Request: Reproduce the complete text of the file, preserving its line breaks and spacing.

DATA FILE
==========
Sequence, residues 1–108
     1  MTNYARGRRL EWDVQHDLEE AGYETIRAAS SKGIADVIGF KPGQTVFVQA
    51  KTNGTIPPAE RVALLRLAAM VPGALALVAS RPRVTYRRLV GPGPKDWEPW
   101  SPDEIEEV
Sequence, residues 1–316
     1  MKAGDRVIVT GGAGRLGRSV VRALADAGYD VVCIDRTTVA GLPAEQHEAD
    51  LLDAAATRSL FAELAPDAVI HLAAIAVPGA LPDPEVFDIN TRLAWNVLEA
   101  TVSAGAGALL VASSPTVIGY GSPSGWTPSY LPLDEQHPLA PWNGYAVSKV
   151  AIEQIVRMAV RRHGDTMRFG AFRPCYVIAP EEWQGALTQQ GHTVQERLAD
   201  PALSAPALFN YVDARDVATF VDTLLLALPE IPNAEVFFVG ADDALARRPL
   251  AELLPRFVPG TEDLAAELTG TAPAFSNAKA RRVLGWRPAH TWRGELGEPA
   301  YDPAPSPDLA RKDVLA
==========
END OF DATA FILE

Sequence, residues 1–108
     1  MTNYARGRRL EWDVQHDLEE AGYETIRAAS SKGIADVIGF KPGQTVFVQA
    51  KTNGTIPPAE RVALLRLAAM VPGALALVAS RPRVTYRRLV GPGPKDWEPW
   101  SPDEIEEV
Sequence, residues 1–316
     1  MKAGDRVIVT GGAGRLGRSV VRALADAGYD VVCIDRTTVA GLPAEQHEAD
    51  LLDAAATRSL FAELAPDAVI HLAAIAVPGA LPDPEVFDIN TRLAWNVLEA
   101  TVSAGAGALL VASSPTVIGY GSPSGWTPSY LPLDEQHPLA PWNGYAVSKV
   151  AIEQIVRMAV RRHGDTMRFG AFRPCYVIAP EEWQGALTQQ GHTVQERLAD
   201  PALSAPALFN YVDARDVATF VDTLLLALPE IPNAEVFFVG ADDALARRPL
   251  AELLPRFVPG TEDLAAELTG TAPAFSNAKA RRVLGWRPAH TWRGELGEPA
   301  YDPAPSPDLA RKDVLA